- The U.S. Department of Justice has not found evidence of large-scale ballot fraud that would reverse President-elect Joe Biden's projected win over President Donald Trump in the election, Attorney General William Barr said in a new interview.
- Barr's statement to The Associated Press undercuts claims by Trump, his lawyers and many of his political allies that he was the victim of a massive voting fraud that swindled him out of a win.
- "To date, we have not seen fraud on a scale that could have affected a different outcome in the election," Barr told the AP.
The U.S. Department of Justice has not found evidence of large-scale ballot fraud that would reverse President-elect Joe Biden's projected win over President Donald Trump in the election, Attorney General William Barr said in a new interview Tuesday.
Barr's statement to the Associated Press undercuts claims by Trump, his lawyers and many of his political allies that he was the victim of massive voting fraud that swindled the Republican incumbent out of a win over the Democratic challenger.
"To date, we have not seen fraud on a scale that could have affected a different outcome in the election," Barr told the AP.
Barr, who is head of the DOJ, told the news wire service that federal prosecutors and FBI agents have looked into complaints they have received about possible fraud. But investigators have not found problems with anywhere near the number of ballots that would have to be invalidated to deny Biden a win.
"Most claims of fraud are very particularized to a particular set of circumstances or actors or conduct. They are not systemic allegations … And those have been run down; they are being run down," Barr said.
"Some have been broad and potentially cover a few thousand votes. They have been followed up on," said the attorney general.
Barr after Election Day had authorized federal prosecutors to look into any "substantial" voting irregularities or fraud allegations that were brought to their attention before the presidential race is certified.
Shortly after the Associated Press published its story, Barr was seen entering the White House. There had been no previously scheduled meeting between Barr and Trump on Tuesday. NBC News reported that he was at the White House for a matter unrelated to his comments.
Barr in the AP interview pointedly dismissed a conspiracy theory promoted by the lawyer Sidney Powell, a former member of the Trump campaign's legal team, who has claimed that vote counting machines were rigged in Georgia and other battleground states to give Biden wins there.
"There's been one assertion that would be systemic fraud and that would be the claim that machines were programmed essentially to skew the election results. And the DHS and DOJ have looked into that, and so far, we haven't seen anything to substantiate that," Barr said, without identifying Powell by name.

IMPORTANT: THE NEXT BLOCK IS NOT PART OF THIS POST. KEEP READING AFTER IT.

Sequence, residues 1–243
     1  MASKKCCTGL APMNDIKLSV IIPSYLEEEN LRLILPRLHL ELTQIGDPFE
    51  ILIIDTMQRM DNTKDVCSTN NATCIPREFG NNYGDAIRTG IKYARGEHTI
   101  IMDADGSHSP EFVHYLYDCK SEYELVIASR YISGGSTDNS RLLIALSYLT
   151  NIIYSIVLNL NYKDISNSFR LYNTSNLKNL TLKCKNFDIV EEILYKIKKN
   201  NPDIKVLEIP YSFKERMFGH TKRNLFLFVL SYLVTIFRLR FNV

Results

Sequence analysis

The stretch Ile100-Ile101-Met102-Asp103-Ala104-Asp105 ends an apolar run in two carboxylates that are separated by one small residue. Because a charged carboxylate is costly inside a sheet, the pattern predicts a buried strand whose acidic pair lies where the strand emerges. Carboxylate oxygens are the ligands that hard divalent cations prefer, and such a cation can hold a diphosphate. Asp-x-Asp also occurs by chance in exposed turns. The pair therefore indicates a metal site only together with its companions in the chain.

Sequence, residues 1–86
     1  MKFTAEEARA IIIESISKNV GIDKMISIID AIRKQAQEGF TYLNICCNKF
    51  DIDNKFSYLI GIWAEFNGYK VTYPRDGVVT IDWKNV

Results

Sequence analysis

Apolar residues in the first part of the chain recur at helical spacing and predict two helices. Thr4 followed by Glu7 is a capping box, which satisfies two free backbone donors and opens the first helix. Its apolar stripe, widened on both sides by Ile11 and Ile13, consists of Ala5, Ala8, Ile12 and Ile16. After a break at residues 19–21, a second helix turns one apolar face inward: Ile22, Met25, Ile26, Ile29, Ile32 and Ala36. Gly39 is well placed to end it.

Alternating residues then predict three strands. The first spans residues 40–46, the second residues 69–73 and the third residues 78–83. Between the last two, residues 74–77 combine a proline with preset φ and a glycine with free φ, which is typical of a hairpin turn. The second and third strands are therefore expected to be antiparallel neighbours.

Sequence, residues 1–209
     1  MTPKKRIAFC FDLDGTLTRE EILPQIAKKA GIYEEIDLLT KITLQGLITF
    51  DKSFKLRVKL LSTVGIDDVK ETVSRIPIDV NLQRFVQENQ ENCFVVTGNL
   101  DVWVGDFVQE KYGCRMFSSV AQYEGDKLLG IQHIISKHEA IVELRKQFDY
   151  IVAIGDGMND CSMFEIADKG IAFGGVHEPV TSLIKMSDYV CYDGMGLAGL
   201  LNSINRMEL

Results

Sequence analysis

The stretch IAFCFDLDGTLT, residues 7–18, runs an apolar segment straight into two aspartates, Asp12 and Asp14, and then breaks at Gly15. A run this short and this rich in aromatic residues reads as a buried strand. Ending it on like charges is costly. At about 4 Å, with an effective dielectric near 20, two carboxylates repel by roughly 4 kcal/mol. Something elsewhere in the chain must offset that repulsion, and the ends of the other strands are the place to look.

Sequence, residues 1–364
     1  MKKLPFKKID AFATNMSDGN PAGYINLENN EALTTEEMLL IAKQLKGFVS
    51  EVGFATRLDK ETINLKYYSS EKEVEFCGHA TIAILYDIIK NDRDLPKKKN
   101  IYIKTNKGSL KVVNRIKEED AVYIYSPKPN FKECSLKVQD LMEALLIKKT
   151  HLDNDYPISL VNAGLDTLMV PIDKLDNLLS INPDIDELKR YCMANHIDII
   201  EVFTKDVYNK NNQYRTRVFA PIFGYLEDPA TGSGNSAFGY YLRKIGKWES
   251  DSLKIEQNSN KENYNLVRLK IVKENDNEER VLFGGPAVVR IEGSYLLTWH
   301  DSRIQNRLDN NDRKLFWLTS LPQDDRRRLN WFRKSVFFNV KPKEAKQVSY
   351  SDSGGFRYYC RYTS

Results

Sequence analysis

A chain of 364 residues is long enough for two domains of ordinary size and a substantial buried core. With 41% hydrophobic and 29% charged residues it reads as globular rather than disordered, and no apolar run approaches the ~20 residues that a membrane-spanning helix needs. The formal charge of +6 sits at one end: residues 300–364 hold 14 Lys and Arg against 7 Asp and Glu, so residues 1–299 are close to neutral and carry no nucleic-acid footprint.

Security officials in Trump's administration have publicly defended the integrity of the election, calling it "the most secure in American history."
Powell was fired from Trump's legal team last week after repeatedly making claims about the voting machines.
Shortly after the Associated Press published its article, Trump again tweeted a claim about purported election fraud.
"Hope everybody is watching @OANN right now. Other media afraid to show," Trump wrote on Twitter. "People are coming forward like never before. Large truck carrying hundreds of thousands of fraudulent (FAKE) ballots to a voting center? TERRIBLE – SAVE AMERICA!"
A DOJ spokeswoman did not immediately respond to a request for comment from CNBC about Barr's comments.
Trump's top campaign lawyers, Rudy Giuliani and Jenna Ellis, dismissed Barr's comments.
"With all due respect to the Attorney General, there hasn't been any semblance of a Department of Justice investigation," Giuliani and Ellis said in a joint statement.
"We have gathered ample evidence of illegal voting in at least six states, which they have not examined. We have many witnesses swearing under oath they saw crimes being committed in connection with voter fraud. As far as we know, not a single one has been interviewed by the DOJ."
Giuliani and Ellis also said that the DOJ has not"audited any voting machines or used their subpoena powers to determine the truth."
"Nonetheless, we will continue our pursuit of the truth through the judicial system and state legislatures, and continue toward the Constitution's mandate and ensuring that every legal vote is counted and every illegal vote is not," the lawyers said.
"Again, with the greatest respect to the Attorney General, his opinion appears to be without any knowledge or investigation of the substantial irregularities and evidence of systemic fraud."
Biden's transition team did not immediately respond to CNBC's requests for comment.
Biden, the former vice president, is projected to win 306 votes in the Electoral College, 36 more electoral votes than he needs to clinch the presidency. The Electoral College is set to meet Dec. 14 to select the president.
Trump's legal team and its allies have repeatedly lost or withdrawn lawsuits that sought to invalidate votes for Biden in several states that the Republican president would need to win in order to overturn his opponent's expected win.
Giuliani, has suggested that state legislatures could essentially ignore popular votes tallies showing wins for Biden, and appoint slates of electors for Trump to the Electoral College.
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